Wednesday, September 28, 2011

The Future is Closer Than You Think

The day of using science to manipulate unwilling subjects has drawn just a bit closer. Here are some bits from a fascinating post by Mo Costandi in the UK's Guardian newspaper's Neurophilosophy blog:
Magnetic pulses applied to a specific region of the frontal cortex can influence peoples' willingness to lie spontaneously or tell the truth, according to a new study by researchers from Estonia.

The findings, published recently in the journal Behavioural Brain Research, suggest that manipulations of brain activity could be an effective way of obtaining truthful responses from defendants and criminal suspects, raising more ethical questions about the application of neuroscience technologies in the legal profession.


The ability to detect deception accurately is of great interest to the legal profession and security agencies, for obvious reasons. The use of brain scanning data as evidence in courts of law has proven to be highly controversial, not least of all because of doubts about the validity of the data. Some researchers argue that we are now in a position to use functional neuroimaging to detect lies, but the general consensus seems to be that neither the technology nor our understanding of the brain are sophisticated enough.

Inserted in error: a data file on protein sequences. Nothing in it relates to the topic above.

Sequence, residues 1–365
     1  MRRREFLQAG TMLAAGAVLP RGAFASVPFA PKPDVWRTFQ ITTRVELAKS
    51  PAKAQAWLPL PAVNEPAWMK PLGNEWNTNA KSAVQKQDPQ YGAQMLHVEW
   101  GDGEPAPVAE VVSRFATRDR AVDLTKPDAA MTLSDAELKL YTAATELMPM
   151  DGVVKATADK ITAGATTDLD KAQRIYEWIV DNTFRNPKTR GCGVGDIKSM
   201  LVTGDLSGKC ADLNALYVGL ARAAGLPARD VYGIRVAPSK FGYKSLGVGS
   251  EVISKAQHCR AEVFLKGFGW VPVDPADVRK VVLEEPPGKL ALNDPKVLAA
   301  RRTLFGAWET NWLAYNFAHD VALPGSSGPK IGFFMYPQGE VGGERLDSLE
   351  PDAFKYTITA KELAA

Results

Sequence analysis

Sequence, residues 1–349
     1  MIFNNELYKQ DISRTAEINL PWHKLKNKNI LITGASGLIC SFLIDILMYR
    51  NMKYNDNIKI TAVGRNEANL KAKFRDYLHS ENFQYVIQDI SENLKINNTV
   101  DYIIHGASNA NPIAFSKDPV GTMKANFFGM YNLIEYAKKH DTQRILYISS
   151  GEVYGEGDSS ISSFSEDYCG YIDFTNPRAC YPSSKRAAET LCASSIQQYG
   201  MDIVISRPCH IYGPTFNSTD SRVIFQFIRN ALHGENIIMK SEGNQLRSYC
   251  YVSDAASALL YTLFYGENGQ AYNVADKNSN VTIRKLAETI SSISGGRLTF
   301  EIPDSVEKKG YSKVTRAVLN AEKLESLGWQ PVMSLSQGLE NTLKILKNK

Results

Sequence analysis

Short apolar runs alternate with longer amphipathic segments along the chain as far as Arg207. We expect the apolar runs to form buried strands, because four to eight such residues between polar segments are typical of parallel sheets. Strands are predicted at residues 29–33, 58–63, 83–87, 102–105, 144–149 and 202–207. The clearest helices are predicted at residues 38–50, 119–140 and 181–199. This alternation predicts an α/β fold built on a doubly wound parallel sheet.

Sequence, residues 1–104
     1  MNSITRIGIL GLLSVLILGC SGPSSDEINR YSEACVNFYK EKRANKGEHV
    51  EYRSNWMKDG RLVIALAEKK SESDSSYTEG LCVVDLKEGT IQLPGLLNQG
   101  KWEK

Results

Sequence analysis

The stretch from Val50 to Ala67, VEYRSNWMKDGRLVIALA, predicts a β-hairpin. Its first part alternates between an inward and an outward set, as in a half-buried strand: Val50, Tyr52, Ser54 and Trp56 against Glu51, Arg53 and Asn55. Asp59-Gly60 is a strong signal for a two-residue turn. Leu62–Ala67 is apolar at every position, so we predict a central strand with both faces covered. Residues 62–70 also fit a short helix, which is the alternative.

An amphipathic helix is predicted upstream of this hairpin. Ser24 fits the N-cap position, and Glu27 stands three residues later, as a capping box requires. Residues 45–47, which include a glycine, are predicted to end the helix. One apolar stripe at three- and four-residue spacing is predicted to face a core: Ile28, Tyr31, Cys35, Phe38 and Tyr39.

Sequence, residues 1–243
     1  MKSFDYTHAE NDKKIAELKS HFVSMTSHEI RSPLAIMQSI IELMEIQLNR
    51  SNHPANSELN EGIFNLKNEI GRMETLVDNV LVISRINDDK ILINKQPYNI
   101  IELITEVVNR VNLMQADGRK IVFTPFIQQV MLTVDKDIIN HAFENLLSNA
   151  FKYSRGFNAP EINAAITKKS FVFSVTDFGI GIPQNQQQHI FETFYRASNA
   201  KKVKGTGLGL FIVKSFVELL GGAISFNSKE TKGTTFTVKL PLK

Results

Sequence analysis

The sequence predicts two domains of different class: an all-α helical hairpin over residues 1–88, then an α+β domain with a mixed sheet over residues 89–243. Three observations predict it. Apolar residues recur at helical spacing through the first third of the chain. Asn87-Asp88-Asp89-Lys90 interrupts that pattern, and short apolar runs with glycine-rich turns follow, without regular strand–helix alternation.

Bachmann is cautious about how to interpret the new findings, because the sample size of 16 participants is small. He adds that they should be replicated before any firm conclusions can be made about the effects of TMS on spontaneous lying. Even so, the study raises the possibility that TMS could be used to increase the likelihood of getting the truth out of suspects or defendants. It seems likely that some may develop the technique and offer it as a service, as was the case with brain scanning.

"Provided that the method is validated and legal norms are established, it could perhaps be allowed and justified," says Bachmann, "but this should not become a routinely used technique. Basic human rights include cognitive privacy and this would be a clear infringement. If a subject freely agrees, maybe it would make sense, but I foresee heated debates on whether 'knocking truth out of the fellow' can be legalized in principle."
I'm sure the dictatorships and autocrats are clapping with glee. The day when they can reduce their subject population to automatons run remotely by the whims of the ruling class have just taken a big step forward. All hail Big Brother!

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